Gorey duo are the face of new €1 an­niver­sary stamp

Gorey Guardian - - NEWS - BY ES­THER HAY­DEN

TWO Gorey Com­mu­nity School stu­dents are the face of the new €1 com­mem­o­ra­tive stamp from An Post cel­e­brat­ing 50 years of sec­ond level ed­u­ca­tion in Ire­land.

Last Thurs­day marked the 50th an­niver­sary of the then Min­is­ter for Ed­u­ca­tion, Donogh O’Mal­ley, an­nounc­ing plans for sec­ond-level ed­u­ca­tion through­out Ire­land and to mark the mile­stone An Post is­sued a com­mem­o­ra­tive stamp on the an­niver­sary.

The stamp, de­signed by lead­ing de­signer Ger Gar­land with pho­tog­ra­phy by Alan Bet­son, fea­tures Lau­ren Dench and Michael Duke two stu­dents of Gorey Com­mu­nity school, the largest sec­ond level school in the coun­try.

A First day Cover, de­signed to ac­com­pany the stamp, in­cludes a por­trait of O’Mal­ley who served as Min­is­ter for Ed­u­ca­tion from 1966 un­til his death in 1968.

Lau­ren and Michael are both sixth year stu­dents at Gorey Com­mu­nity School and principal Michael Finn said that the duo were cho­sen ran­domly over the sum­mer.

‘The news that two stu­dents from GCS would fea­ture on the com­mem­o­ra­tive stamp was re­layed to us dur­ing the sum­mer and ob­vi­ously there were no stu­dents here at the time as they were all on hol­i­days.

‘We then chose two stu­dents from the school whom we felt were good am­bas­sadors of the school. We wanted to pick sixth year stu­dents to sig­nify that their ed­u­ca­tion with us was com­ing to a close.

‘Lau­ren and Michael are both good up­stand­ing role mod­els for stu­dents and very good am­bas­sadors for the school. They were de­lighted to be picked to represent the school and know it is a huge hon­our.’

Lau­ren who hails from Bal­ly­gar­rett and Michael who comes from Mount Alexan­der in Gorey were a pop­u­lar choice for the stamp.

Mr Finn said that in ad­di­tion to be­ing a great hon­our for Michael and Lau­ren it was a great hon­our for Gorey Com­mu­nity School.

‘We were re­ally happy to be cho­sen. It is a great recog­ni­tion for the school as both the largest sec­ond level school in the coun­try and also the diver­si­fi­ca­tion that is seen here.

‘As a com­mu­nity school there is a di­verse stu­dent pop­u­la­tion here which em­bod­ies the im­por­tance as­pect of ed­u­ca­tion and the im­por­tance of diver­si­fi­ca­tion. We have stu­dents here of all abil­i­ties and so­cial back­grounds and there is a won­der­ful mix of peo­ple.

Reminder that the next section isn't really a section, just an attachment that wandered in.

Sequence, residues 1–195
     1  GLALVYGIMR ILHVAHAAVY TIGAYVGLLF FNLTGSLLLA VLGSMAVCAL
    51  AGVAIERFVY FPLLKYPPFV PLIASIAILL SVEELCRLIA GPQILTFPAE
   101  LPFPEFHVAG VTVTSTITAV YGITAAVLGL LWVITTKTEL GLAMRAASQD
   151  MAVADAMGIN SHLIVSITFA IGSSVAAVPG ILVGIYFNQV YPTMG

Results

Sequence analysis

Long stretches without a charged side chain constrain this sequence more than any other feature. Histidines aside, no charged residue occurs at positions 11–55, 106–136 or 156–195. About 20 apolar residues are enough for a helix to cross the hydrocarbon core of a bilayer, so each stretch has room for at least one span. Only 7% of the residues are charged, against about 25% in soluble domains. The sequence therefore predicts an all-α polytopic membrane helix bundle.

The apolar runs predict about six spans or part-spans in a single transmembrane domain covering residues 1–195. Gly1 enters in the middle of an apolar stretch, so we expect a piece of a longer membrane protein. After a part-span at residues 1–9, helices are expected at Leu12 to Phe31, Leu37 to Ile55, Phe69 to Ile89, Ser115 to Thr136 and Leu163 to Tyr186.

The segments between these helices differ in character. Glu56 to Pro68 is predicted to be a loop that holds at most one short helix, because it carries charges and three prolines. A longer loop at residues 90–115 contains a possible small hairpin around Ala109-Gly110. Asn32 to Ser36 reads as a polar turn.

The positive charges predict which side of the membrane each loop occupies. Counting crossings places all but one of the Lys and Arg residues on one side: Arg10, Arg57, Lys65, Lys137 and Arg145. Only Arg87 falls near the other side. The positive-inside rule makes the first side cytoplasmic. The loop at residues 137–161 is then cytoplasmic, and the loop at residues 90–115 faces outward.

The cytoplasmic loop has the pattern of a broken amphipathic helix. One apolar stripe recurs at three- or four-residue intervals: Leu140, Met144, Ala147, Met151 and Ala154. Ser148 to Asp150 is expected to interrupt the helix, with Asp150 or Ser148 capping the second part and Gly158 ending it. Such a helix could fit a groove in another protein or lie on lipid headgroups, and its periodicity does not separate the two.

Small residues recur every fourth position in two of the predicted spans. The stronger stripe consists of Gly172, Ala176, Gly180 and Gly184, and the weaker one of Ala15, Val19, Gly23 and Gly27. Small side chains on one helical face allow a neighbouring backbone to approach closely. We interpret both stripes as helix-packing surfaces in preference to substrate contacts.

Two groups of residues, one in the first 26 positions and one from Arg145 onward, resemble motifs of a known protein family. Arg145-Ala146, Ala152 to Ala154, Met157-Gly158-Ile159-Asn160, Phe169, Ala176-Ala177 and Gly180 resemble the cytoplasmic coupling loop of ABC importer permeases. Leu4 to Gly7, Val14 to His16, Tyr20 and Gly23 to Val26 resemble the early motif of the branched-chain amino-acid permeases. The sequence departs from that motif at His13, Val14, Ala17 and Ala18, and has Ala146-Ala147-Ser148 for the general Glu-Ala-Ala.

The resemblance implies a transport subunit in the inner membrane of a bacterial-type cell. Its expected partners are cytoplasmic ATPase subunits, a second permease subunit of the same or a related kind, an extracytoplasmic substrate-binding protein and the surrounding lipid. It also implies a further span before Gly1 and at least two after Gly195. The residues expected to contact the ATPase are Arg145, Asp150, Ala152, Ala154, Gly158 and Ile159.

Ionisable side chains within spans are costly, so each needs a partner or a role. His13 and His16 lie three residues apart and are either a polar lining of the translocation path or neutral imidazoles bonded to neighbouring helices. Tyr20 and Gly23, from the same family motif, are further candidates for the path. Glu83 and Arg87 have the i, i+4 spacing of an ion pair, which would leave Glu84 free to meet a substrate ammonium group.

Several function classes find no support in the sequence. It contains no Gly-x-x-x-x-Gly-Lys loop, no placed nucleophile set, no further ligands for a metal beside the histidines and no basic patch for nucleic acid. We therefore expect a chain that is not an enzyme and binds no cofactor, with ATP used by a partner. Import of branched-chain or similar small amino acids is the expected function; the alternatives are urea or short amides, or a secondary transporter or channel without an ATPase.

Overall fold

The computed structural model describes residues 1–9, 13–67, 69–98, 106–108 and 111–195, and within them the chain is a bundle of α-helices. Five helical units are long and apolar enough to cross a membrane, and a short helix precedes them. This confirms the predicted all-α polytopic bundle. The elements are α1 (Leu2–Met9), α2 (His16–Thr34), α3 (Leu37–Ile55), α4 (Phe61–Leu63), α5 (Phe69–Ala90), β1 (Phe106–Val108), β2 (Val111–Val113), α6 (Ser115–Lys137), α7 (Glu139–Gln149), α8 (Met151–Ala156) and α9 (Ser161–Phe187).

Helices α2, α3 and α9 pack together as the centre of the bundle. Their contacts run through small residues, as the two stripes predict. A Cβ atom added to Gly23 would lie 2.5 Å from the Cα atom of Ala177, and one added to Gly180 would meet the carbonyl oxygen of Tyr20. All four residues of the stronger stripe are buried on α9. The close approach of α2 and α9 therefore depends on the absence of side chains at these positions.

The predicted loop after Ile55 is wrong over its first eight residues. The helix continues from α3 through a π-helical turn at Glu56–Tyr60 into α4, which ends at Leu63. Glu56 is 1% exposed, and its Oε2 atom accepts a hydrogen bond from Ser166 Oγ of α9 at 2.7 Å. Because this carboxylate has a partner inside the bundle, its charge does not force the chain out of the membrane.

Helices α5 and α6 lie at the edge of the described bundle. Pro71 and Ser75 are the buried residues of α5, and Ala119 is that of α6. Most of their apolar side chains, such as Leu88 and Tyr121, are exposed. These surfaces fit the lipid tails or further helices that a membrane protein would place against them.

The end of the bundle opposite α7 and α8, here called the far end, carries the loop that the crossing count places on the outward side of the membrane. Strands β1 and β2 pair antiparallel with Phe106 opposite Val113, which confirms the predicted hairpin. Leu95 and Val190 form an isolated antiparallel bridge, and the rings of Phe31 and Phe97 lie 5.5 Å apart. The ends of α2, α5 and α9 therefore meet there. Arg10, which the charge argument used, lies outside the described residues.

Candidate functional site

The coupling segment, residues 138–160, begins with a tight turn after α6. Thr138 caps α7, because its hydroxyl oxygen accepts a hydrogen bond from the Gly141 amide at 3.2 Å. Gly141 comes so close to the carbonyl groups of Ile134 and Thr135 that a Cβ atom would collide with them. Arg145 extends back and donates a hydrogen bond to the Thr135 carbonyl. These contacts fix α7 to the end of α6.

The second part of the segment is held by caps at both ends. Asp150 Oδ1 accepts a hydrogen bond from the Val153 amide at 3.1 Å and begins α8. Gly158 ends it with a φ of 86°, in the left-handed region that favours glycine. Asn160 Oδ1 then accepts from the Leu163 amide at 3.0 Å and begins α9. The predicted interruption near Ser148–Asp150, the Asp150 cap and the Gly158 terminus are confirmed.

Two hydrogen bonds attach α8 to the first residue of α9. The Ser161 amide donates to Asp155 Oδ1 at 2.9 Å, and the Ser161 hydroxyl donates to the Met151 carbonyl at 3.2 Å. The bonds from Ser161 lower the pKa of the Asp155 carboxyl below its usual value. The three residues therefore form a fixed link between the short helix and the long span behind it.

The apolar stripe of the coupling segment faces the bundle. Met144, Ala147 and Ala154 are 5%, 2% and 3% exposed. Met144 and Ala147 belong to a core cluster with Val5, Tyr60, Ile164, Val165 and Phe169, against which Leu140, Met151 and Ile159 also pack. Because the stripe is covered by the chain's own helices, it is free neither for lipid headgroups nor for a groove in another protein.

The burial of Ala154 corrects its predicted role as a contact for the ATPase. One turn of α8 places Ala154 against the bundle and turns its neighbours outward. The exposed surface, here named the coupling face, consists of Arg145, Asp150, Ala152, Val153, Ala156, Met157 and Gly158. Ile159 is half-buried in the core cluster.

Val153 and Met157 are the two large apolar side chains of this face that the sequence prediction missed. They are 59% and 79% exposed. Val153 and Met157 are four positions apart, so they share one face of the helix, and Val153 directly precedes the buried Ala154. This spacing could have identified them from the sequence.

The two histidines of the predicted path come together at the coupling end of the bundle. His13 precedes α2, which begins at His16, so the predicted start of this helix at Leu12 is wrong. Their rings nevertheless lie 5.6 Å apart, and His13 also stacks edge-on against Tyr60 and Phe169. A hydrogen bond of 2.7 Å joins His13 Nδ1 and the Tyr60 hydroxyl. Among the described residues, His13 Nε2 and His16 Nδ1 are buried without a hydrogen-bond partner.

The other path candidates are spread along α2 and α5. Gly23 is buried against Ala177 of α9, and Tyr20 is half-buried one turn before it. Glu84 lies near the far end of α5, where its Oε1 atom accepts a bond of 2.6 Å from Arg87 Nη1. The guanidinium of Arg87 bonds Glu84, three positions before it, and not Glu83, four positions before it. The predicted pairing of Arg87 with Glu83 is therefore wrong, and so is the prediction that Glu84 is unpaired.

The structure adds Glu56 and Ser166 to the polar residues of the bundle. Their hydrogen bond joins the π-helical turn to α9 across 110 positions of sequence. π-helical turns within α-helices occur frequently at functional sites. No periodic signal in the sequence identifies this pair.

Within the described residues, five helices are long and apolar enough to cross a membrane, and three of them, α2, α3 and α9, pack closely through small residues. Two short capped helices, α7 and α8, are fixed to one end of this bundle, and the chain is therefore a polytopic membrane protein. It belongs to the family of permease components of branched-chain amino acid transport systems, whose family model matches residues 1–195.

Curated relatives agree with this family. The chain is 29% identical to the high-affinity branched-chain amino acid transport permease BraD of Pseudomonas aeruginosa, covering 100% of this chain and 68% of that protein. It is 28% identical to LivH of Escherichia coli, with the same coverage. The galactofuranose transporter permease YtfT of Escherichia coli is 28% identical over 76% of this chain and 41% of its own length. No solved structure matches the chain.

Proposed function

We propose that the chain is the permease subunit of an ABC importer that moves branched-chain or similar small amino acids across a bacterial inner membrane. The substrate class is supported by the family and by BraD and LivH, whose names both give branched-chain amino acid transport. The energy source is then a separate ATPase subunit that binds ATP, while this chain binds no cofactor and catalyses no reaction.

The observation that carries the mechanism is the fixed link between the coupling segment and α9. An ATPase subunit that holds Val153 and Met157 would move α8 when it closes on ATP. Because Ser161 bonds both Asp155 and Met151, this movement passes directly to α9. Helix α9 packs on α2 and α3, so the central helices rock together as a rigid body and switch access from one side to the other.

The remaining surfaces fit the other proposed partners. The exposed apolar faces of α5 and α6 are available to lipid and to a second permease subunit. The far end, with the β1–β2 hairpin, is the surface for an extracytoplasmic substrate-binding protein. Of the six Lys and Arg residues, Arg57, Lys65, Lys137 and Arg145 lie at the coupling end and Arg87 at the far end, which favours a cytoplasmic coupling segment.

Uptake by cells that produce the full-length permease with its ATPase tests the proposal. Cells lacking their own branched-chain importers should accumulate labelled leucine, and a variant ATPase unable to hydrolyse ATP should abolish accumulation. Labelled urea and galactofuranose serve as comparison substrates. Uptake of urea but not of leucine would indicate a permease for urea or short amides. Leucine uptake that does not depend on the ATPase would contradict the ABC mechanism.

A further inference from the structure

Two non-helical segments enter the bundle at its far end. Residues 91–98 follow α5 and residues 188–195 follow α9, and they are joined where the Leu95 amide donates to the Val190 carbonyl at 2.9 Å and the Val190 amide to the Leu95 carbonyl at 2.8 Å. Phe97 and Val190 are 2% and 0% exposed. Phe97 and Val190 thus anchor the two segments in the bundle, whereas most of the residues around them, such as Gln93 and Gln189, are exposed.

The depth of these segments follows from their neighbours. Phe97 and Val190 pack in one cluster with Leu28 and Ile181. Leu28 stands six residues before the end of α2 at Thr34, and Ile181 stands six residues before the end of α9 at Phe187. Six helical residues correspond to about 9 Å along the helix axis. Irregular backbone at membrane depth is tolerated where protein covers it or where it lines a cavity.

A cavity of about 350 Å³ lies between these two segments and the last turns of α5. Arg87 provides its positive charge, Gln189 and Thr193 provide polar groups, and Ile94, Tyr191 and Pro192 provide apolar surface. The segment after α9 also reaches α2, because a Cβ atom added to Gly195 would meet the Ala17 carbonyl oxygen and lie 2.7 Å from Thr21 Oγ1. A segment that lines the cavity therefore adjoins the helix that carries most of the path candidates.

‘Be­ing such a large school en­ables us to sup­port that diver­si­fi­ca­tion’, he said.

With just un­der 1,600 stu­dents en­rolled in the school Gorey Com­mu­nity School is the largest com­mu­nity school in the coun­try.

Donogh O’Mal­ley joined the Fianna Fail cabi­net as Min­is­ter for Health fol­low­ing the Gen­eral Election of 1966. He re­placed Pa­trick Hillery as Min­is­ter for Ed­u­ca­tion one year later and acted im­me­di­ately to in­tro­duce the rec­om­men­da­tions of an of­fi­cial De­part­ment re­port of the ed­u­ca­tion sys­tem.

Shortly af­ter his ap­point­ment he an­nounced that from 1969 ed­u­ca­tion to In­ter­me­di­ate Cer­tifi­cate level would be free.

It is widely ac­cepted that the in­tro­duc­tion of free sec­ond level ed­u­ca­tion changed the face of mod­ern Ire­land fun­da­men­tally. Re­ports of the time in­di­cate that about a third of all chil­dren fin­ished pri­mary school were drop­ping out of ed­u­ca­tion al­to­gether. At fif­teen years of age fewer than 50 per cent were still in full time ed­u­ca­tion. By age six­teen, only 36 per cent were still at school.

An­other re­forms ini­ti­ated by Min­is­ter O’Mal­ley was the ex­ten­sion of the school trans­port scheme. The com­mem­o­ra­tive stamp and First day Cover (FDC) are avail­able from main post of­fices, from the stamp coun­ters at Dublin’s GPO or on­line at www.irish­stamps.ie

Lau­ren Dench and Michael Duke, pupils of Gorey Com­mu­nity School who fea­ture on a stamp.

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